Opening for joint ESA-FAIR Summer School: Focus on cosmic radiation research
They are the first participants in a new high-quality offer for international young scientists: Currently 15 young researchers from eight countries come together for the first time during the "ESA-FAIR Radiation Summer School" to work intensively on the topic of cosmic radiation. The Summer School for radiation research was jointly established by the European Space Agency ESA and the international accelerator center FAIR (Facility for Antiproton and Ion Research GmbH), which is currently being built at GSI Helmholtzzentrum für Schwerionenforschung.
Researching cosmic radiation and their effects on humans, electronics and materials is a decisive contribution to the future of human spaceflight, so that astronauts and satellites in space are provided with the best protection during the exploration of our solar system. Furthermore, it also contributes to detailed knowledge about the risks of radiation exposure on Earth.
The Summer School will be held at ESA´s European Space Operations Centre ESOC as well as at the GSI/FAIR campus in Darmstadt in order to train students in basic heavy ion biophysics for space applications, e.g. space radiation detection, monitoring and protection.
The Summer School's top-class scientific program, opened by Thomas Reiter, ESA Interagency Coordinator, and Professor Paolo Giubellino, Scientific Managing Director of GSI and FAIR, includes lectures from experts in the field, site visits to facilities in Darmstadt and practical training and research opportunities at GSI/FAIR. The participants commute between the two locations ESOC and GSI/FAIR Campus. Among other things, there will be the opportunity to discuss the radiation risk during life and work in space with Marco Durante, Director of the GSI Biophysics Department. At the GSI and FAIR accelerator facilities, the students have the opportunity to participate in experiments and learn more about the research fields of radiation biology, electronic components, materials research, shielding materials and instrument calibration. At the end of the ESA-FAIR Radiation Summer School, participants will take written exams and carry out teamwork, which will be evaluated and rated by the lecturers.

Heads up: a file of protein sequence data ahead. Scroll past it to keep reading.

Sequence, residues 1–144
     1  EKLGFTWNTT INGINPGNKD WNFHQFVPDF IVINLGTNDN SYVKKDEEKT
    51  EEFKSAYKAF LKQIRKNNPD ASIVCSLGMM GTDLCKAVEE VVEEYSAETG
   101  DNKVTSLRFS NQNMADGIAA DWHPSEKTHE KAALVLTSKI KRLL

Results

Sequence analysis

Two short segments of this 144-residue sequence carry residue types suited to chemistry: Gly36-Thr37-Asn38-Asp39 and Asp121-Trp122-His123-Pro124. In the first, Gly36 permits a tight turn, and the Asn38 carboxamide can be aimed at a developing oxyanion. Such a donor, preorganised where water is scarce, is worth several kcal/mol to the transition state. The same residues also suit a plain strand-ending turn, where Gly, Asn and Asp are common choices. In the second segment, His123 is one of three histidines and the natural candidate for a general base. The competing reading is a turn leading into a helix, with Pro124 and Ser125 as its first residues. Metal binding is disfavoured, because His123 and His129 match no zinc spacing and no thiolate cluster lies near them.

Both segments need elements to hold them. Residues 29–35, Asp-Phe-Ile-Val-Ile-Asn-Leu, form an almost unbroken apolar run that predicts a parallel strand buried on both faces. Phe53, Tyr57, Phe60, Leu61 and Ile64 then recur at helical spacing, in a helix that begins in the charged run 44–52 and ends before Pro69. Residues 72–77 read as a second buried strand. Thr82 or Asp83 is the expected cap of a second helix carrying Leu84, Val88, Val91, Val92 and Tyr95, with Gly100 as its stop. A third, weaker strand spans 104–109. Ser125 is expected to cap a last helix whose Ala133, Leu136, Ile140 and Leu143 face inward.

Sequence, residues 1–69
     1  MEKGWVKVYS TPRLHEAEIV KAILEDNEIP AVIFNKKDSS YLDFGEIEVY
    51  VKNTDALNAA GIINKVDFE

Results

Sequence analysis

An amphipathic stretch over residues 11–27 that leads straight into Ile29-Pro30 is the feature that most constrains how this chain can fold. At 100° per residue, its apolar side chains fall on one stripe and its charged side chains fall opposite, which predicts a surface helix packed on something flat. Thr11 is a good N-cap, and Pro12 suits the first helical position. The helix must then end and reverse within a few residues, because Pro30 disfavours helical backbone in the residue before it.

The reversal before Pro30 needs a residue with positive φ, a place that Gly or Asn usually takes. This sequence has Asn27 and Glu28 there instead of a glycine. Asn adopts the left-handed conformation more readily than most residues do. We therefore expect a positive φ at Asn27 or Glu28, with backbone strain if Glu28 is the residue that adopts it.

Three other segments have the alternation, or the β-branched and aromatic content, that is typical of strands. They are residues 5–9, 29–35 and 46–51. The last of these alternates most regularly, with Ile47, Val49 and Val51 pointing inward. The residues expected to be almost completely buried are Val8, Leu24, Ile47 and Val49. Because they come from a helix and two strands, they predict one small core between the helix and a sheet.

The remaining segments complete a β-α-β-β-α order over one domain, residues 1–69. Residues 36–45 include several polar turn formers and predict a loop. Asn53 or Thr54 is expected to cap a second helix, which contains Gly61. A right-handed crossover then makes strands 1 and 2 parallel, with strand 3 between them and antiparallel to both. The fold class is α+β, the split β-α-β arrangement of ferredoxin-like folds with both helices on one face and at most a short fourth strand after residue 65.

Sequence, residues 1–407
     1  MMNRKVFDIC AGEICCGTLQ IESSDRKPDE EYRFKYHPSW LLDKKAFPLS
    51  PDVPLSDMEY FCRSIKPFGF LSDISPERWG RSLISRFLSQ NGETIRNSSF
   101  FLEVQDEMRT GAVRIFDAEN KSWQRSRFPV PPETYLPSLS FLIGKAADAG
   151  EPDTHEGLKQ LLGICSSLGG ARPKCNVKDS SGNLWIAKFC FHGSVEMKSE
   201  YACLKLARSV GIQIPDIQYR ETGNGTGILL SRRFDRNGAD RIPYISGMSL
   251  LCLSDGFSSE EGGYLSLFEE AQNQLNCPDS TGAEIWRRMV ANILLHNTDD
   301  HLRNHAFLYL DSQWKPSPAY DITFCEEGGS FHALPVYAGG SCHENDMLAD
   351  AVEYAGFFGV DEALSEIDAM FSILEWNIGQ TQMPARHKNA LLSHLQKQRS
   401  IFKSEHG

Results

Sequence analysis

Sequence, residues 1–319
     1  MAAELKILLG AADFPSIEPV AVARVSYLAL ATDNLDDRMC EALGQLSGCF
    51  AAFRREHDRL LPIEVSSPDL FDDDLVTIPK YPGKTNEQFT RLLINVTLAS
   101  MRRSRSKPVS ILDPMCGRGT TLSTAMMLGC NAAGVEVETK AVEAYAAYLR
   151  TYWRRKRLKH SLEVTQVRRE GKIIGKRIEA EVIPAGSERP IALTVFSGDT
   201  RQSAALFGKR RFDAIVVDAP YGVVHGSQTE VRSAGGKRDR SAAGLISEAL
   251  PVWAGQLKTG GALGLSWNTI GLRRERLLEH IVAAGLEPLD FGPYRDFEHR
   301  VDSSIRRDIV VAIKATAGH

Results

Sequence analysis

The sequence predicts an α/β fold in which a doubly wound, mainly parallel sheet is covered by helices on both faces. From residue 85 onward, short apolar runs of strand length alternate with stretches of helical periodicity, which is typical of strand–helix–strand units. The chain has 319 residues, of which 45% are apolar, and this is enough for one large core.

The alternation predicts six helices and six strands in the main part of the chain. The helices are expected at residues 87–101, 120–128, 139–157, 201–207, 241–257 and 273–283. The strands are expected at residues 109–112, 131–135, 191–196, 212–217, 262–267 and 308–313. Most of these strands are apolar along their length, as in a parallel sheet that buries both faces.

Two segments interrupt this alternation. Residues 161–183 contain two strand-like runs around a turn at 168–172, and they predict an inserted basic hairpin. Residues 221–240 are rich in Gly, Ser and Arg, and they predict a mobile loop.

The establishment of the Summer School is a direct result of the close cooperation between ESA and FAIR on cosmic radiation research. The existing GSI accelerator facility already is the only one in Europe that can generate all of the ion beams that occur in our solar system, which range from the lightest one, hydrogen, to the heaviest, uranium. The research opportunities will be expanded even further by the future FAIR accelerator center: FAIR will enable researchers to conduct experiments with an even wider spectrum of particle energies and intensities, and to simulate the composition of cosmic radiation with a precision that no other accelerator facility will be able to match. The proximity to the European Space Operations Centre ESOC in Darmstadt in addition creates ideal conditions for local cooperation in one of the key research fields of the future. (BP)